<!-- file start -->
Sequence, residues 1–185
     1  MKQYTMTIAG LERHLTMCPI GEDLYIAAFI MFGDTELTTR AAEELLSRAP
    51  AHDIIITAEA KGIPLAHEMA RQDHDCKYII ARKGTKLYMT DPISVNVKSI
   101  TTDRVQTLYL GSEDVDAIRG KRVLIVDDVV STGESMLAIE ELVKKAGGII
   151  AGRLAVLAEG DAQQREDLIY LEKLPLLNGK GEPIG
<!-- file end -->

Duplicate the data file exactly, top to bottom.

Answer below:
Sequence, residues 1–185
     1  MKQYTMTIAG LERHLTMCPI GEDLYIAAFI MFGDTELTTR AAEELLSRAP
    51  AHDIIITAEA KGIPLAHEMA RQDHDCKYII ARKGTKLYMT DPISVNVKSI
   101  TTDRVQTLYL GSEDVDAIRG KRVLIVDDVV STGESMLAIE ELVKKAGGII
   151  AGRLAVLAEG DAQQREDLIY LEKLPLLNGK GEPIG